The 42-year-old actress Cynthia Addai-Robinson doesn’t say no to a challenge. Take her latest role: Tar-Míriel in the series The Lord of the Rings: The Rings of Power, a prequel to J. R. R. Tolkien’s best-selling trilogy. Her character is the enigmatic daughter of King Tar-Palantir, and the heir to the throne of Númenor, a massive island kingdom. After she is usurped by her cousin, who forces her to marry so he can become king, she becomes the indignant queen regent.
The show, which began streaming on Prime Video on Thursday, is rumored to have had a $1 billion budget for Seasons One and Two, making it Amazon’s most expensive production ever.
“I hope we did Tolkien’s vision justice,” Addai-Robinson says on the phone from her home in Los Angeles. She lives there between months-long stints shooting in New Zealand. The country’s vast rural expanses stand in for Tolkien’s Middle-earth, the mythological ancient continent that serves as the setting for many of Tolkien’s books, including The Hobbit and the Lord of the Rings series.
Cast in the show during the height of the pandemic, Addai-Robinson says she “moved from lockdown right into Middle-earth.”
While Tar-Míriel is the stoic queen regent of Númenor, Addai-Robinson found commonalities with her character. “I can relate to the idea of feeling isolated, feeling like I can’t speak on certain things with people who necessarily understand,” she says. “I’m no queen, though.”
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Though it’s hard to discern from her Los Angeles accent, Addai-Robinson was born in London, to a Ghanaian mother and an American father, and spent her early years in Britain. Her family moved to a quaint D.C. suburb, Silver Spring, when she was four years old.
Growing up, acting wasn’t her top priority. At school in Maryland, she admits she was an all-around over-achiever. “I was curious—very curious—and education was really fundamental in my household,” she says. As a child, performing in plays was just a side hobby. “It was sort of my way of standing out amongst a sea of other people,” she says.
That changed as she got older, and friends and family praised her performances. “It suddenly occurred to me I could pursue this as a craft, so I went and did it,” she says. An acceptance letter from New York University’s Tisch School of the Arts came, and Addai-Robinson left Silver Spring for the chaos of downtown Manhattan.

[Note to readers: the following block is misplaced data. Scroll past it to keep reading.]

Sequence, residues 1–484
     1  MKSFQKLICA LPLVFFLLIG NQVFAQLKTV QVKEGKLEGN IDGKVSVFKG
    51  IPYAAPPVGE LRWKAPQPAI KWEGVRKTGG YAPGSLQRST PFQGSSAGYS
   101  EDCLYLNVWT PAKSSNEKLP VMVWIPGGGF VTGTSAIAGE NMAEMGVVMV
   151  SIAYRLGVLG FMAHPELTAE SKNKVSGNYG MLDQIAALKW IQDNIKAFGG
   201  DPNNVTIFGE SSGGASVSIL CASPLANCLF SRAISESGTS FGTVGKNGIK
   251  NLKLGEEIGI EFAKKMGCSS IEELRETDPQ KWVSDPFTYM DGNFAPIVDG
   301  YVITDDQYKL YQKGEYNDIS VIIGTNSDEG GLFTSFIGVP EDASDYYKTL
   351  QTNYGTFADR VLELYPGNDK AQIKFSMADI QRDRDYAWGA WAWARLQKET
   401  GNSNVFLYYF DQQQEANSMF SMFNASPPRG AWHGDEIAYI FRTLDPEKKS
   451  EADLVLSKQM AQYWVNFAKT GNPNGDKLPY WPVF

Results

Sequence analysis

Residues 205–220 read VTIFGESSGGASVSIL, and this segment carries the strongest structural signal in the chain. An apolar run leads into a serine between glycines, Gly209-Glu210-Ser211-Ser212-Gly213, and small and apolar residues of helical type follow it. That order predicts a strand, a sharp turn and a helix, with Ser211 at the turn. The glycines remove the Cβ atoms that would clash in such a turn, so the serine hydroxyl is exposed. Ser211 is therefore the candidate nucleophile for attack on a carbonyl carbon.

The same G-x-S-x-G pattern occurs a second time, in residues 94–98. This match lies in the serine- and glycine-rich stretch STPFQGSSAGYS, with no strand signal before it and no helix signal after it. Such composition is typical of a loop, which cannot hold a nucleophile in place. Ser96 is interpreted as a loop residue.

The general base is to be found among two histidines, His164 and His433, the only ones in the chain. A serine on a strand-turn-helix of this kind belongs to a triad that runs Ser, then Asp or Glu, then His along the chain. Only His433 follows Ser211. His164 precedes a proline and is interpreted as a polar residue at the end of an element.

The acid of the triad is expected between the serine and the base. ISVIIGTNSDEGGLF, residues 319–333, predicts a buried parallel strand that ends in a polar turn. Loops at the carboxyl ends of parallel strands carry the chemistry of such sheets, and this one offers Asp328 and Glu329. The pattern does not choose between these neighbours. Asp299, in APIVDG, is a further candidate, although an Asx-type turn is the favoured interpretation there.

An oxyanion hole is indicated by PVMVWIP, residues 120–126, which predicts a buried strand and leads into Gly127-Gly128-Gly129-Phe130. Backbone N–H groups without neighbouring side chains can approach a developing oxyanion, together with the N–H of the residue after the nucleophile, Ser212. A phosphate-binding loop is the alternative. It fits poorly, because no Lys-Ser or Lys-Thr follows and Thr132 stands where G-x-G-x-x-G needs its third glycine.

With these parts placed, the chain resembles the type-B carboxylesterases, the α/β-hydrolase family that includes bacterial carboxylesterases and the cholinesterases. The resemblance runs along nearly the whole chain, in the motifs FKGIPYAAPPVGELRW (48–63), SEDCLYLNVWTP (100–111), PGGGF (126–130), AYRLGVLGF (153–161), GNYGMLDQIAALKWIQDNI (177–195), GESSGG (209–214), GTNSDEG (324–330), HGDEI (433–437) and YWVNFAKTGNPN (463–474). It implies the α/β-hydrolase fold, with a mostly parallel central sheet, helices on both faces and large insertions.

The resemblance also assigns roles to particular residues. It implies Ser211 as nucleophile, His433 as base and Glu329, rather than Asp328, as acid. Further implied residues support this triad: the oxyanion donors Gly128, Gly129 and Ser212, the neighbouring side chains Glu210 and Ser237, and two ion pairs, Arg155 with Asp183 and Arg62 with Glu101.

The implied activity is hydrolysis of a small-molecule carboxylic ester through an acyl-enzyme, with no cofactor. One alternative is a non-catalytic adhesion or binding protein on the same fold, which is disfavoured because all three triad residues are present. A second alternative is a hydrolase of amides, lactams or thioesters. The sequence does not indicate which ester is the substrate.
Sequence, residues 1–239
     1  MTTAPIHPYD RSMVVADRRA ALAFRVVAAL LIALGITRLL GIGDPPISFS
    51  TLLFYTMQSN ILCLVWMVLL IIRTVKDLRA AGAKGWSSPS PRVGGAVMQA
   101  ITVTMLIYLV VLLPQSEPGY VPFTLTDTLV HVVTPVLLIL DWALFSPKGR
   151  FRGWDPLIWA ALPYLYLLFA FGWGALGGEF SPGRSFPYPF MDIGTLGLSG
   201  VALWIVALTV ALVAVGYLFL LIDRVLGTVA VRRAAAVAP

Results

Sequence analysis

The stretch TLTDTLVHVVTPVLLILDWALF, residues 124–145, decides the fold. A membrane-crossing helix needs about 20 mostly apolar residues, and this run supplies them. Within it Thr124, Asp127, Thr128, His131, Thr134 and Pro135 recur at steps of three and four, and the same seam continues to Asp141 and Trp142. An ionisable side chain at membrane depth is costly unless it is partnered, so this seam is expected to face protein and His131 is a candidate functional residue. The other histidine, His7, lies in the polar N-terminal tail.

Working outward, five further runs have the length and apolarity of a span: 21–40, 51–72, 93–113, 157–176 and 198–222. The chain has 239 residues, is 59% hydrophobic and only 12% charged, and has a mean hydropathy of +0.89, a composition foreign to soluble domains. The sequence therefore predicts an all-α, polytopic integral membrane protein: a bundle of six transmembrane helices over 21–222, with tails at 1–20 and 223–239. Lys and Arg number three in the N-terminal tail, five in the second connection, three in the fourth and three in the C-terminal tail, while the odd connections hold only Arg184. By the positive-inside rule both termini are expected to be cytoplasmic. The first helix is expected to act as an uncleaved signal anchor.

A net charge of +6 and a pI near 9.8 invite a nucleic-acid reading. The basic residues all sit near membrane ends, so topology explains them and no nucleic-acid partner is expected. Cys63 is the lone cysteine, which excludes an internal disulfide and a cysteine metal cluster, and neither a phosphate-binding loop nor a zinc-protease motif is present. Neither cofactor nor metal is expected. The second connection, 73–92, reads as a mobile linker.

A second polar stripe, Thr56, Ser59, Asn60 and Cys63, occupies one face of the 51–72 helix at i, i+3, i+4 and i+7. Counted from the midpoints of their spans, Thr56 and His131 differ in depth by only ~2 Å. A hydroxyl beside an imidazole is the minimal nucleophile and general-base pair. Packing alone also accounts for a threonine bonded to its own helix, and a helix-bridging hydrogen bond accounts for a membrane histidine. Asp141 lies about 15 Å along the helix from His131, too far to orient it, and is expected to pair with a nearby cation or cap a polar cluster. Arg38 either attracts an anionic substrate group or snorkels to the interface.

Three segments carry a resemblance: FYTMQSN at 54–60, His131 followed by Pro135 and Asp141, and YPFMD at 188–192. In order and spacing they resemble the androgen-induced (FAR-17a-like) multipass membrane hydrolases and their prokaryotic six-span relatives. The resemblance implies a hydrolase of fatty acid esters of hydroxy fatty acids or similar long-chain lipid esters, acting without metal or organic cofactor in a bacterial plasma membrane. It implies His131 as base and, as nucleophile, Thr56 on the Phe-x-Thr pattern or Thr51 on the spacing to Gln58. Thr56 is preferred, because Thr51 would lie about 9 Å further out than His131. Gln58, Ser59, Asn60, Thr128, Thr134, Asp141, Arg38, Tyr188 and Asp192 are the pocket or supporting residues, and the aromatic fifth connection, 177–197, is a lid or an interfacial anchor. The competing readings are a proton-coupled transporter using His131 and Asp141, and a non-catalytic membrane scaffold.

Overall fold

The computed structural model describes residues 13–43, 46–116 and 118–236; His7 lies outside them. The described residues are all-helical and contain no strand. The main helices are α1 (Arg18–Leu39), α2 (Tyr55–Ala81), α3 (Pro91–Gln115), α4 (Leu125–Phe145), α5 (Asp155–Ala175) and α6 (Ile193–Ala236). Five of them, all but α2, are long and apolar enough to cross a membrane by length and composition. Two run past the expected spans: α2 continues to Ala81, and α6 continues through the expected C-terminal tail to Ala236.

After graduating in 2002, Addai-Robinson moved to the West Coast. The first few months in L.A. were draining as she bounced between auditions. “When you’re an actor, you want to feel like you can play all these different types of things, and you don’t want to be typecast or … seen in a very narrow way,” she explains.
While The Rings of Power might be her biggest role yet, it isn’t her first TV job. The highlands of New Zealand provided the location for her breakout part, in 2012, in the series Spartacus. She played a former slave named Naevia and, to prepare, trained alongside Navy Seals and the New Zealand Special Air Service. “I was in the middle of this beautiful country, training alongside these big beefy guys,” she recalls.
In the last decade, parts have come in steadily. She appeared as Aja, a witch, in The Vampire Diaries, and as Amanda Waller in the CW’s Arrow. In 2016, she acted alongside Ben Affleck in Gavin O’Connor’s film The Accountant.
Big roles keep coming. In November, her latest film, the comedy The People We Hate at the Wedding, in which she co-stars with Kristen Bell, will hit theaters. “I wanted to prove that I could do a comedic role,” she explains. “The more your roles differ, the more you keep learning.”
The Lord of the Rings: The Rings of Power is available for streaming on Amazon Prime Video
Elena Clavarino is an Associate Editor for AIR MAIL